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"They do most by books who could do most without them:
T. NELSON AND SONS, PATERNOSTER ROW;
EDINBURGH; AND NEW YORK.
example teaches better than precept" is an old saying; but as it is true,
we make no apology for repeating it. The lesson taught may be the same; the difference lies in the style. Precept reads a Latin sermon ; Example preaches in plain English. Hence the importance of holding up the great and good men of the past as models before the eyes of posterity. People may be told to do their duty; but they will not, unless they see it done.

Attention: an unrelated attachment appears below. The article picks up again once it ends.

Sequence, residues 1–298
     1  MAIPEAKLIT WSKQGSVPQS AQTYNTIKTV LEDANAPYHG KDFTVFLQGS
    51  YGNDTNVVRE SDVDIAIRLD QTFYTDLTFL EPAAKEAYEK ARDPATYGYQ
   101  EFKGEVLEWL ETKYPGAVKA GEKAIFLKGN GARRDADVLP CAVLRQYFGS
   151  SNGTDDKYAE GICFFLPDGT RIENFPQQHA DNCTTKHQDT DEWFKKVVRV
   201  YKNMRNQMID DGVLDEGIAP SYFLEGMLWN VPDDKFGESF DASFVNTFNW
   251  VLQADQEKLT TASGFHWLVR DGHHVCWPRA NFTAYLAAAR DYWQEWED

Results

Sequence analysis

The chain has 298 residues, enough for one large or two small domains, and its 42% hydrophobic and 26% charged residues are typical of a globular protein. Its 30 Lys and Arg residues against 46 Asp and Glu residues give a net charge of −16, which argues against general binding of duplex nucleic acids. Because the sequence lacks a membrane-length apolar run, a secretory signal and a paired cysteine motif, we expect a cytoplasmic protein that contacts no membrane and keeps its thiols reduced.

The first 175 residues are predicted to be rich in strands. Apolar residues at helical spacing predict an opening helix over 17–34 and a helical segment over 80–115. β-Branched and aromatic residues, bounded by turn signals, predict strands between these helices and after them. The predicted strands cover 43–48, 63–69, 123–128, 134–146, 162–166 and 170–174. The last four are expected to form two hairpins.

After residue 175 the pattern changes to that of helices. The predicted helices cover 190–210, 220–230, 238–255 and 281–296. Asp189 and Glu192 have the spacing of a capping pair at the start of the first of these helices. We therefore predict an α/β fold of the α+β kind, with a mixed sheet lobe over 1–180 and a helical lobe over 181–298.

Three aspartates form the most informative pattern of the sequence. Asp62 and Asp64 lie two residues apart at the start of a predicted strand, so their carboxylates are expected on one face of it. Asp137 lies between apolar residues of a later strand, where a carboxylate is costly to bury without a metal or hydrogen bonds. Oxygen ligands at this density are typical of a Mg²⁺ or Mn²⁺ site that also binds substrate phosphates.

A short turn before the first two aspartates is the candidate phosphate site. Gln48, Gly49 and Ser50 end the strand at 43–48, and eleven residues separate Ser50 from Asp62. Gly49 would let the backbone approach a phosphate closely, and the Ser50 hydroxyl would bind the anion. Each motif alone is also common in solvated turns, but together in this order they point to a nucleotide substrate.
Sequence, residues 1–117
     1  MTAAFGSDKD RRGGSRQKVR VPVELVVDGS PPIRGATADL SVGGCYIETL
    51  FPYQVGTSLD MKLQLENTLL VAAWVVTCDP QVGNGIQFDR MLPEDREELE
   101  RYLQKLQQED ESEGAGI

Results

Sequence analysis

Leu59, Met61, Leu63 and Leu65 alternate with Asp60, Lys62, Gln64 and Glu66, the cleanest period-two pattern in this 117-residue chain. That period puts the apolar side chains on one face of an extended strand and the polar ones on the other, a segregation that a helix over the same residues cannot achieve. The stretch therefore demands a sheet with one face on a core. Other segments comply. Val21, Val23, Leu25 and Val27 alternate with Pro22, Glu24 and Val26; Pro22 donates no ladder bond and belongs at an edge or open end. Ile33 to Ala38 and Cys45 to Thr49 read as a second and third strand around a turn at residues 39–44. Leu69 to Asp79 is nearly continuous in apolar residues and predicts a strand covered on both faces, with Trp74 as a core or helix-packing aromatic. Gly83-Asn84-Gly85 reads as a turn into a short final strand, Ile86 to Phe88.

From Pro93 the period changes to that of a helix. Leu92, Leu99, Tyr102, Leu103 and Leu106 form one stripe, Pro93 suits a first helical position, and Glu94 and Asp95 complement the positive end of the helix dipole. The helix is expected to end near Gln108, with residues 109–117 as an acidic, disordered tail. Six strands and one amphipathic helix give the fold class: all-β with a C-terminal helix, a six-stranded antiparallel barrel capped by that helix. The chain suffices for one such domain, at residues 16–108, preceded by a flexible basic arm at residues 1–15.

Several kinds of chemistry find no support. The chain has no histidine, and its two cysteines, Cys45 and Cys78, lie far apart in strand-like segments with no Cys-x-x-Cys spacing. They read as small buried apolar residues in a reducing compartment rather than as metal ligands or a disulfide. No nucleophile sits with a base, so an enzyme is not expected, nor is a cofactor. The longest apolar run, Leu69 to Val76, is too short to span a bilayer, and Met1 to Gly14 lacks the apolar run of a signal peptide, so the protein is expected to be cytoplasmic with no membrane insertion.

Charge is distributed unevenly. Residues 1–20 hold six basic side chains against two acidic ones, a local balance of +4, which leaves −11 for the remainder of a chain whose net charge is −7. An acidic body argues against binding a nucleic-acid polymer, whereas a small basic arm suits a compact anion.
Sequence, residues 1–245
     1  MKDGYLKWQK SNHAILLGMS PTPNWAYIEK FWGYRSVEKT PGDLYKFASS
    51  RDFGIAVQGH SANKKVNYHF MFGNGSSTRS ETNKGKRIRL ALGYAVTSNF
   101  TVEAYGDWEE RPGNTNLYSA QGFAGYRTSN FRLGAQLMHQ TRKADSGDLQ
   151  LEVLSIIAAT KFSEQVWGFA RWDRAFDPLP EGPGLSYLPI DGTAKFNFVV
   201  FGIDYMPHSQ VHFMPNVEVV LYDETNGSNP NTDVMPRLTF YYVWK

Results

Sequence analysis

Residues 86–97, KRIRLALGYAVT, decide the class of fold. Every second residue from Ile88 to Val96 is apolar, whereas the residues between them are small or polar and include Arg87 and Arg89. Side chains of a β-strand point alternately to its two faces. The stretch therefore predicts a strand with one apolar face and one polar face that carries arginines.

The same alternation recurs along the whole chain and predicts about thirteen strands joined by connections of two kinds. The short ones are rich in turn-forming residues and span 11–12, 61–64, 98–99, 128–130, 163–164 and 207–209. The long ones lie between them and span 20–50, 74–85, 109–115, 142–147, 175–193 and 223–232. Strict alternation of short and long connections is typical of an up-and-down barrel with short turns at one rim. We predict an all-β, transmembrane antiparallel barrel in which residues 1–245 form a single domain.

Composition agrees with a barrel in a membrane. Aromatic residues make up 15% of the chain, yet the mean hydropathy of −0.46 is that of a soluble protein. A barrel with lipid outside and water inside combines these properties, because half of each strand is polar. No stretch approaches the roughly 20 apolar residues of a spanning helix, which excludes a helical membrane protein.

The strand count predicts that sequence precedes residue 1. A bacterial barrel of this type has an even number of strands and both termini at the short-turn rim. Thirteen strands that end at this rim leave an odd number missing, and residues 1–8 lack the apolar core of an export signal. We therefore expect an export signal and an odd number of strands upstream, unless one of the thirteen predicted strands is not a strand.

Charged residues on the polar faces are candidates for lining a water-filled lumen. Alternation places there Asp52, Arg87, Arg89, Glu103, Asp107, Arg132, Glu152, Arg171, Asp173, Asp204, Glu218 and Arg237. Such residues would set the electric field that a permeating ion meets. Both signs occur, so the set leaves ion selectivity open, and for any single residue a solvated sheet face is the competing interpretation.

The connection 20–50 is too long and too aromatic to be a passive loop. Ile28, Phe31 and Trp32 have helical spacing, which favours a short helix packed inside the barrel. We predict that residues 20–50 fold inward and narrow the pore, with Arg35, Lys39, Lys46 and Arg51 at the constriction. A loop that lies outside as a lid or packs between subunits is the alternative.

Carlyle's idea of setting forth a select few for the admiration and imitation of the many is in itself good; though the word "hero-worship" is most objectionable, and his choice of heroes is most unhappy. The idea is, in fact, a scriptural one. What mean those four biographies, or, including the Book of Acts, those five which form the first half of the